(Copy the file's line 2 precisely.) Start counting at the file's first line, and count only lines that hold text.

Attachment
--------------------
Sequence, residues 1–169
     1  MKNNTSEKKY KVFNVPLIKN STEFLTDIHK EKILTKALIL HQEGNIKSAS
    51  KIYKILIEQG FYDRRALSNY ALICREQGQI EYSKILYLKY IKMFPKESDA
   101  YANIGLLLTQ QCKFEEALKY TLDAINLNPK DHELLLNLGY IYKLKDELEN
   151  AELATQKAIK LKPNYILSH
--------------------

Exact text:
     1  MKNNTSEKKY KVFNVPLIKN STEFLTDIHK EKILTKALIL HQEGNIKSAS